The Patient Self Determination Act has placed the health care provider and the health care recipient in a face-to-face position to address issues that deal with the mandates of the patient. Patients have the opportunity to define their values (as they relate to medical care), their quality of life preferences, and to whom the patient will entrust the position of surrogate for health care decision-making.

To make well-informed decisions regarding one’s own health care, one must be knowledgeable about their own health issues. The major source of knowledge for a patient is the health care provider. The information that the health care provider has must be shared with the patient in language and at a level that the patient understands. This concept is the embodiment of the doctrine of informed consent. The importance and significance of this concept was stressed by The President’s Commission for the Study of Ethical Problems in Medicine and Biomedical and Behavioral Research. Making Health Care Decisions, “ethically valid consent is a process of shared decision making based upon mutual respect and participation, not a ritual to be equated with reciting the contents of a form that details the risks of particular treatments. Its foundation is the fundamental recognition that adults are entitled to accept or reject health care interventions on the basis of their own personal values and in furtherance of their own personal goals.” The American Hospital Association has developed a list of guidelines in support of patients’ rights. Many hospitals throughout the United States have implemented these guidelines as part of their standard of care. This document was recently revised and renamed “The Patient Care Partnership”.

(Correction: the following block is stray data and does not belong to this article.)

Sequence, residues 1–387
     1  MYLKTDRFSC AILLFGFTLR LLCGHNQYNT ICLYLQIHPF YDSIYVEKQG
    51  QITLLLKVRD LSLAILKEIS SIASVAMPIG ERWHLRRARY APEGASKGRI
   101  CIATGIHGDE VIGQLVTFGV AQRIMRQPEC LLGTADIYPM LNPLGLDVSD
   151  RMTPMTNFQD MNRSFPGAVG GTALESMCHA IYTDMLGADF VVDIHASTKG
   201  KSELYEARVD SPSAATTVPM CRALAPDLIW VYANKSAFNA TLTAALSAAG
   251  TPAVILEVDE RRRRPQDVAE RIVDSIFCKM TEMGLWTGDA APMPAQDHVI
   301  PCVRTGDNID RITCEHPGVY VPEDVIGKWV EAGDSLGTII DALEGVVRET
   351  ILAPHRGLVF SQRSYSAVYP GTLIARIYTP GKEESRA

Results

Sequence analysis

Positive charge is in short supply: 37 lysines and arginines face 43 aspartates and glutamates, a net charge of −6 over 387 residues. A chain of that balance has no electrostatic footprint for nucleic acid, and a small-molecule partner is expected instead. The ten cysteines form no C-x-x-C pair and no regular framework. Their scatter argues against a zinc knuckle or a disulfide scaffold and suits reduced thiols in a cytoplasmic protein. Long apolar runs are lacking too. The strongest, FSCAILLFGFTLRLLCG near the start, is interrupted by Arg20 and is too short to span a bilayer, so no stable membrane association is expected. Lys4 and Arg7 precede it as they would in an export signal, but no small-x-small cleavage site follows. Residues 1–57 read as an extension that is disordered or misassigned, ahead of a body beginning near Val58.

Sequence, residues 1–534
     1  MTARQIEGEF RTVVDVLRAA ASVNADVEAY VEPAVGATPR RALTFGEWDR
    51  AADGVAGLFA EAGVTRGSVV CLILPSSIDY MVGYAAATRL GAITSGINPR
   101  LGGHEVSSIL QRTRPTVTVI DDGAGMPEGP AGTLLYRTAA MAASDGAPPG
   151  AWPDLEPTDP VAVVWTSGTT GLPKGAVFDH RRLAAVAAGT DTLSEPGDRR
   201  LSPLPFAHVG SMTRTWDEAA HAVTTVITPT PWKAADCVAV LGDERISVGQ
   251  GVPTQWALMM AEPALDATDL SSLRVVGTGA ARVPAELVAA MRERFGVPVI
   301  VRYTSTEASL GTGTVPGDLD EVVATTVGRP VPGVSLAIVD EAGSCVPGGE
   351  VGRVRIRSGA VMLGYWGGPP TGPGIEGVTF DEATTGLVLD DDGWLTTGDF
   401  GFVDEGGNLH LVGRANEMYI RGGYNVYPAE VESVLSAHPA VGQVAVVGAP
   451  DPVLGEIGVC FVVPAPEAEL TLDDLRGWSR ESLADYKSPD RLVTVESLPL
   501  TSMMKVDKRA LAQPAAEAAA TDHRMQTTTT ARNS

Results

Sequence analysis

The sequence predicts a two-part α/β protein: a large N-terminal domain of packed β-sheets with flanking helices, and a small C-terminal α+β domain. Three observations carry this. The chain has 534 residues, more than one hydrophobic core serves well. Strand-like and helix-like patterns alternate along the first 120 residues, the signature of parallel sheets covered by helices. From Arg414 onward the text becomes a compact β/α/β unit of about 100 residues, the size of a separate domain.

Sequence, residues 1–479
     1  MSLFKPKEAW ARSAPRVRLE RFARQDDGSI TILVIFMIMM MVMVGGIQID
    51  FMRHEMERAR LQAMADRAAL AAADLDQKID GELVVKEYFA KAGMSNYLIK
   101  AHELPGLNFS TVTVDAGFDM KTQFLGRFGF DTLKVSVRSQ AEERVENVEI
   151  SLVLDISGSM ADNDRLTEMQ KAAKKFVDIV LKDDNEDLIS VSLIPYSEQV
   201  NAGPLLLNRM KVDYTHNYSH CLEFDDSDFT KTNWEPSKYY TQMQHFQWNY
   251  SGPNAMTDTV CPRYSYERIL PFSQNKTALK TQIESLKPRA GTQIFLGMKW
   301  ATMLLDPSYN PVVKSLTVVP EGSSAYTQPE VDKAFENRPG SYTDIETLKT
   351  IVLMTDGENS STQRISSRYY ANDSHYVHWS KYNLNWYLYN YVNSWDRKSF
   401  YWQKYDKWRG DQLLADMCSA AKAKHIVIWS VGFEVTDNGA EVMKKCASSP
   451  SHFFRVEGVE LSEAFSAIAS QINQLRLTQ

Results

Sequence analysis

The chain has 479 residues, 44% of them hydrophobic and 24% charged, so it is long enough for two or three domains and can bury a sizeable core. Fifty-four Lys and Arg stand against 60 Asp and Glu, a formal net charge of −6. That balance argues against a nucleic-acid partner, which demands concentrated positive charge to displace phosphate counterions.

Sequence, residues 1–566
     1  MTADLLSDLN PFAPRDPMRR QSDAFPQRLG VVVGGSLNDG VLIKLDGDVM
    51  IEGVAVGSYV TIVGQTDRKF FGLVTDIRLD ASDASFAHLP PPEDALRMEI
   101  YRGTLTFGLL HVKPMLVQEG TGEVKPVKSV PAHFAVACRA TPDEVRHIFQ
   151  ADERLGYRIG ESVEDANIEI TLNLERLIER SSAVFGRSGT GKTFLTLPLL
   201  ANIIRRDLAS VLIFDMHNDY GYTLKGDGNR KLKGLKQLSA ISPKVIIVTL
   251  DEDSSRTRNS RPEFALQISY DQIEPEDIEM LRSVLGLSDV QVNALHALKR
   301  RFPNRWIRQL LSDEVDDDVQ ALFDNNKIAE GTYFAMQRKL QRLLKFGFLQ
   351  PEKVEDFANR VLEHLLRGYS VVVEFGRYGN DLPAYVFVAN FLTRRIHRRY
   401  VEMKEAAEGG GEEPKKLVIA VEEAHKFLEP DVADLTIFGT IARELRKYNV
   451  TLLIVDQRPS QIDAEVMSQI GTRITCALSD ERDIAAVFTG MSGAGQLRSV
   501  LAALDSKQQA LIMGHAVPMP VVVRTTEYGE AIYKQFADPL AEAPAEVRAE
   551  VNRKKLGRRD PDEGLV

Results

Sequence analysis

Patients’ rights are extensive and announced, acknowledged, and explained in several laws, including. The Rights of Minors; The Americans with Disabilities Act; Title VII of the Civil Rights Act of 1964; The Rehabilitation Act of 1973; The Child Abuse Prevention and Treatment Act of 1974; The Public Health Service Act; The Uniform Determination of Death Act; and The Uniform Anatomical Gift Act. Under the Omnibus Budget Reconciliation Act of 1987, residents of long-term care facilities have listed among their rights the right to be free of physical and chemical restraints. This further reflects the multitude of rights that are in place to protect us as patients. An act that is currently being implemented is the

Health Insurance Portability and Accountability Act, also known as the HIPAA privacy rule. This rule defines how to use and disclose the personal health information of the patient. In addition, the rule contains regulations that all health care providers must follow in order to comply with the protection of patient privacy.

SEE ALSO: Confidentiality, Durable power of attorney for health care, Informed consent, Living wills, Medical malpractice, Quality of life

Suggested Reading

  • Annas, G. J. (1989). The rights of patients. The basic ACLU guide to patients rights. Carbondale: Southern Illinois University Press.
  • Fremgen, B. F. (2002). Medical law and ethics. Upper Saddle River, NJ: Prentice-Hall.
  • Furrow, B. R., et al. (Eds.). (2000). Health law (2nd ed.). Florence, KY: West.
  • Medicare and Medicaid programs: Survey certification and enforcement of skilled nursing facilities and nursing facilities—final rule. Federal Register, Vol. 59, November 10, 1994.